Since the end of 2009, the trucking industry recovery has been driven primarily by industrial production. What exactly does this mean? It means that the popular concept of what drives the trucking industry – consumers purchasing goods – is only part of the story.

Industrial production refers to the output of America’s manufacturing base. Specifically, we’re talking mainly about raw materials (steel, mining, lumber), components and finished assemblies (including machinery and vehicles), the telecom industry, and the food processing industry. As such, manufacturing’s “customers” are a few steps removed from end consumers.

Basically, an increase in industrial production today means planners see more need for their products tomorrow, which means trucking (and rail and sea and air) will have more freight to move. This is one reason why short-term swings in consumer spending don’t correlate directly to swings in freight volumes. And it’s why the recovery hasn’t depended solely on trucking’s traditional role of transporting finished goods.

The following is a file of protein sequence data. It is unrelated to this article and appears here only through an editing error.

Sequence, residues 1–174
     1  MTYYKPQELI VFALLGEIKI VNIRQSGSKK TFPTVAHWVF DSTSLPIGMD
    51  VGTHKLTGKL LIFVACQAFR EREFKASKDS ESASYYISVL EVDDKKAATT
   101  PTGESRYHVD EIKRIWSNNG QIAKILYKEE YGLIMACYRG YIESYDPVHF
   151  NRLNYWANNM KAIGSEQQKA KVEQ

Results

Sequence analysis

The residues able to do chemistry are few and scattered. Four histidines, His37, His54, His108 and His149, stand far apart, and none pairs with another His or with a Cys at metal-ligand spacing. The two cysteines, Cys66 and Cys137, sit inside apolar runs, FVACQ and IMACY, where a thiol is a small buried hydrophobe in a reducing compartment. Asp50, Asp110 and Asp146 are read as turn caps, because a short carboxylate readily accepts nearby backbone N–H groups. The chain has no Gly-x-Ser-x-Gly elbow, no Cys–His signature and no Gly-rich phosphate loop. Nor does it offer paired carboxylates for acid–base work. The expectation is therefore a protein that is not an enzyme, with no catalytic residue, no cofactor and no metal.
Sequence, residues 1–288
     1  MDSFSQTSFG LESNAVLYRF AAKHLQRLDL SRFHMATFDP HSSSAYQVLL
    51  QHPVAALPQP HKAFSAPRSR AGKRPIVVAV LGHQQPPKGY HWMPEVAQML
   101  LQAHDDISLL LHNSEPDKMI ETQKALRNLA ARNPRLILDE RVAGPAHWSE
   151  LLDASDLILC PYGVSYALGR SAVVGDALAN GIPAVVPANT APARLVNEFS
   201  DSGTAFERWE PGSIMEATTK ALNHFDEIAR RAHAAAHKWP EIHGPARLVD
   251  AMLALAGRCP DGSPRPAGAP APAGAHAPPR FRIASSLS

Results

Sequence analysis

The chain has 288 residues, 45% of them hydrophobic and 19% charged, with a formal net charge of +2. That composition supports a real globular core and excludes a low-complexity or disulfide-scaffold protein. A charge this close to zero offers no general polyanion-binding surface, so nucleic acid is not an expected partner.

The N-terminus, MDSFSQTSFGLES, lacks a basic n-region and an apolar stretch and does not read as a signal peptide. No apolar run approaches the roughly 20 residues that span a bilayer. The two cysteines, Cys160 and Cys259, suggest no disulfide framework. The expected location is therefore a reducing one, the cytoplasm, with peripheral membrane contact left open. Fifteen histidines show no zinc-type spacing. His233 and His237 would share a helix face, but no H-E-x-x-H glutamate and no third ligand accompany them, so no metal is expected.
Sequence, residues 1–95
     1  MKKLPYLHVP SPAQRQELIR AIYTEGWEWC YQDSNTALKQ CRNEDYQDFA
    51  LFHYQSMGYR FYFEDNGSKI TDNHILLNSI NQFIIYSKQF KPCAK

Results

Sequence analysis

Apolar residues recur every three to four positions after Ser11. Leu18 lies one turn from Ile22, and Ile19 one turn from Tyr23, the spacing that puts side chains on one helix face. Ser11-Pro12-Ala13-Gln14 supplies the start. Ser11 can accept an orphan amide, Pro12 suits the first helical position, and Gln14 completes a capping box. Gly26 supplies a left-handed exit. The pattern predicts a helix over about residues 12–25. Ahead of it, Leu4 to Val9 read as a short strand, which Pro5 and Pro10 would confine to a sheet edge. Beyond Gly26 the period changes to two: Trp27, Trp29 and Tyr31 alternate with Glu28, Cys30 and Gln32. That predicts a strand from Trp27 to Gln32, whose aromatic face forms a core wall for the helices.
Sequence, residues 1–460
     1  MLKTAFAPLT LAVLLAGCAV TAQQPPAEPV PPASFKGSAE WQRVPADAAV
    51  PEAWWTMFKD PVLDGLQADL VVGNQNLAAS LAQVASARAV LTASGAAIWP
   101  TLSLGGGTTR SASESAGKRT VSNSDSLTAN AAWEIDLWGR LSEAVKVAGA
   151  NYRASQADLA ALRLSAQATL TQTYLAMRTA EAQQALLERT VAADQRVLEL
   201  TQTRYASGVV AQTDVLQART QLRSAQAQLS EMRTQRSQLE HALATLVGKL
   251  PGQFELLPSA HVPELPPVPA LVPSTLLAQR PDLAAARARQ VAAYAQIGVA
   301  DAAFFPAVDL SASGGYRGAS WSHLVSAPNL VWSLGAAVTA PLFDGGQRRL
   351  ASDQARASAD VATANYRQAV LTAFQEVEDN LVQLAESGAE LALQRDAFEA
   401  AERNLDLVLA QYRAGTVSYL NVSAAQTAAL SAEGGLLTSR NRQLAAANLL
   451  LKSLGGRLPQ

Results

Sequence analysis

How do we keep track of industrial production? First, the Federal Reserve publishes the Index of Industrial Production, which measures changes in production output and also the % of overall manufacturing capacity being utilized. This is the “gold standard” measure, reporting data up to about a month old. Go here for the data:

Second, the Pulse of Commerce Index (PCI), published by UCLA and Ceridan Corp is a neat indicator that uses diesel fuel sales as a proxy for real-time freight activity. Go here for that data: